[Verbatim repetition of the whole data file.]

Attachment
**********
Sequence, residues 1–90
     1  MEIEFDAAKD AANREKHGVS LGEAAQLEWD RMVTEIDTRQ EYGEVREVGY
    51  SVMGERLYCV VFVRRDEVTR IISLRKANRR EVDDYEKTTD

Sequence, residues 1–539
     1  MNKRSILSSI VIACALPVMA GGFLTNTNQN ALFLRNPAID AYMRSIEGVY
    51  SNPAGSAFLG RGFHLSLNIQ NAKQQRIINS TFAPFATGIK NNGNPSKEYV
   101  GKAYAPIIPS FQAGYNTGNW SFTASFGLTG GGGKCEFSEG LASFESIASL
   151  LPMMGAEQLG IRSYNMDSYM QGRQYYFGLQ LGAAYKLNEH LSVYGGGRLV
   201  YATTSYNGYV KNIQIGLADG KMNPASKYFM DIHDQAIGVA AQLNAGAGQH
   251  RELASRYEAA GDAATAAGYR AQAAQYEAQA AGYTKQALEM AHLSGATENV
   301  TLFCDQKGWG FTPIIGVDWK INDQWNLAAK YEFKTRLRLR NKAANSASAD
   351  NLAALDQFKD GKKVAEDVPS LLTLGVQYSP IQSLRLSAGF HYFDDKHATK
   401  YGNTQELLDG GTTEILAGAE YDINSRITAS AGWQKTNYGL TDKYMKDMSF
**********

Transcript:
Sequence, residues 1–90
     1  MEIEFDAAKD AANREKHGVS LGEAAQLEWD RMVTEIDTRQ EYGEVREVGY
    51  SVMGERLYCV VFVRRDEVTR IISLRKANRR EVDDYEKTTD

Sequence, residues 1–539
     1  MNKRSILSSI VIACALPVMA GGFLTNTNQN ALFLRNPAID AYMRSIEGVY
    51  SNPAGSAFLG RGFHLSLNIQ NAKQQRIINS TFAPFATGIK NNGNPSKEYV
   101  GKAYAPIIPS FQAGYNTGNW SFTASFGLTG GGGKCEFSEG LASFESIASL
   151  LPMMGAEQLG IRSYNMDSYM QGRQYYFGLQ LGAAYKLNEH LSVYGGGRLV
   201  YATTSYNGYV KNIQIGLADG KMNPASKYFM DIHDQAIGVA AQLNAGAGQH
   251  RELASRYEAA GDAATAAGYR AQAAQYEAQA AGYTKQALEM AHLSGATENV
   301  TLFCDQKGWG FTPIIGVDWK INDQWNLAAK YEFKTRLRLR NKAANSASAD
   351  NLAALDQFKD GKKVAEDVPS LLTLGVQYSP IQSLRLSAGF HYFDDKHATK
   401  YGNTQELLDG GTTEILAGAE YDINSRITAS AGWQKTNYGL TDKYMKDMSF